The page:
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two and a half things

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johnhattan

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First off, a good cheapie deal. 250 business cards for a buck from Office Depot. They're nothing special as far as business cards go (black & white, limited formatting), but the price is perfect. At the very least, you should get yourself a set with your name and phone-number and keep a few in your wallet to drop in the "weekly drawing for a free lunch" fishbowl at restaurants.

Step 1: Go to www.officedepot.com
Step 2: Search for Item 337-776-662
Step 3: Customize the cards with your info
Step 4: Add to your shopping cart
Step 5: Enter coupon code 29540100. This will take off the price of the cards and most of the shipping

My final price with shipping was $1.07




Next, a rant. I noticed that the "doomsday clock" people have tried to grab a bit of notoriety by moving the clock-hands closer to midnight. I remember the doomsday clock when I was a kid, as it was something that was supposed to tell us how close we were to nuclear annihilation. When the Berlin Wall fell, the clock fell out of the American mindset. I just assumed that its keepers went away, but it appears that it's still around.

Problem is, IT IS STUPID!

They call it a clock, but in order for something to be a clock, it must operate using some kind of meaningful units. The clock on your wall is a useful device for measuring time because it operates on a standard, namely the "second". If your clock was free to choose what a "second" was whenever it wanted, then you'd immediately drop it in the trash because it would be useless.

And the doomsday clock is a clock without units. True it has numbers, but those numbers refer to nothing. If the clock is showing that it's two minutes to midnight or ten minutes to midnight or thirteen minutes after five o'clock, it's all the same because there's no agreement as to what a minute means.

The doomsday clock people are no different from those religious talk-radio guys who constantly tell us that their god-o-choice will be returning SOON without ever once telling us how long a SOON is. I remember hearing kids tell me SOON back in the early 70's. That's over 35 years ago. Now then, you wouldn't think that 35 years could colorably be considered SOON, but the end-times practitioners will blithely tell you that:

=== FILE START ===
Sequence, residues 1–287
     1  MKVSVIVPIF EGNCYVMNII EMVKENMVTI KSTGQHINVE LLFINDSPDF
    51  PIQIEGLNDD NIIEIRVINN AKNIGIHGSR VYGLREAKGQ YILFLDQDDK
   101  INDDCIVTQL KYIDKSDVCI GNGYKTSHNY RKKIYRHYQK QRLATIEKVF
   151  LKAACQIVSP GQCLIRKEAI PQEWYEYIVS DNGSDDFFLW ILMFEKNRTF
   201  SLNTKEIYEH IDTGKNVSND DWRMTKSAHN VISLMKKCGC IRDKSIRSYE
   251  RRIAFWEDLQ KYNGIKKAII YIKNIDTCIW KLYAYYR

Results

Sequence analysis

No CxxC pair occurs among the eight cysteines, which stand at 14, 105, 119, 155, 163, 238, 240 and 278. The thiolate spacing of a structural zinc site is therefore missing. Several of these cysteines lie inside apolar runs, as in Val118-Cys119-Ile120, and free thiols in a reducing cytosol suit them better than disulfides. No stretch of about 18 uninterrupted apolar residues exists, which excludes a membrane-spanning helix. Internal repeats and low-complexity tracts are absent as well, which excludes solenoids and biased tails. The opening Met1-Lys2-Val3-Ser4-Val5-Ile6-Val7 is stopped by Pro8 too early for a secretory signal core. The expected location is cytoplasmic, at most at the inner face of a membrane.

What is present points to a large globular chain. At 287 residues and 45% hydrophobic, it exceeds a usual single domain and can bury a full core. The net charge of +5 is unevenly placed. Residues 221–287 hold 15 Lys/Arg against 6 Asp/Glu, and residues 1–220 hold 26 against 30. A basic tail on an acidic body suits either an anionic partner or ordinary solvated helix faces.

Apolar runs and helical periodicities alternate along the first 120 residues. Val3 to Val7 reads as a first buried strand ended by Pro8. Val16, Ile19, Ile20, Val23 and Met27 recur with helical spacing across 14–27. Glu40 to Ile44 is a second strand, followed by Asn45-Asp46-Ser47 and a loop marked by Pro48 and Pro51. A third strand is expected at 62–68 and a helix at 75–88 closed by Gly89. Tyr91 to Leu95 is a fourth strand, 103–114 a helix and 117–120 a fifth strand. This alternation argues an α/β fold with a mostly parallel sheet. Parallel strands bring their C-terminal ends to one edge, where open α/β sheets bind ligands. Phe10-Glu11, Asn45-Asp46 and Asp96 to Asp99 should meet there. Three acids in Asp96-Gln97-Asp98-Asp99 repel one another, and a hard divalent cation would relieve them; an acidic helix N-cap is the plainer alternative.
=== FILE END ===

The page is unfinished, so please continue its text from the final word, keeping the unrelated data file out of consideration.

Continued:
1. 35 years is nothing and fits well within the parameters of SOON.
2. If we were saying SOON 35 years ago, then now it must be REALLY REALLY REALLY SOON.

Of course, they're just piling meaningless onto meaninglessness by doing that. Or, to put it in mathematical notation. . .

+ 35 years =

The doomsday clock people were saying "two minutes to midnight" in the 1980's, and it was just as meaningless then and now as an end-times radio screamer saying SOON.

Frankly, I have more respect for those wild-eyed fanatics who confidently state that everything will be coming to an end on June 8, 2009 at 3:02 PM CST. At least those people have the nards to put some meaningful units on their predictions. Of course, it makes them WRONG when the alotted end-time passes without an predicted end, but being confident and wrong is better than being vague and weaselly.



It reminds me of an exchange I had with my father in-law a year or so ago. Seemed like every time I visited him, he'd have somesuch new way for his laptop to communicate with the internet wirelessly, be it a WIFI connection or some kind of cellphone-connected gizmo or something else.

But for some reason he felt the need to boast of the new connection's astounding speed. And he did so like this (numbers are approximate).

"You know that old connection I had. It was only like a twenty four speed. But this new internet connection runs at around an eight point three. That's good, isn't it?"

This particular exchange happened two or three times over two or three visits (always with updated numbers) before I pointed out that just saying numbers without attaching units to them was meaningless, and that I had no idea if he was referring to kilobytes-per-second or megabits-per-second or anything else.

He then got angry and said "You know what it means. It's an eight point three!"

I just nodded my head and agreed that "eight point three" is indeed a really really fast connection. Best on the market :)
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In general, it is widely believed by the computer science community that

24 > 8.3

The proof is in some literature I haven't had time to read yet.

I need some cards too!

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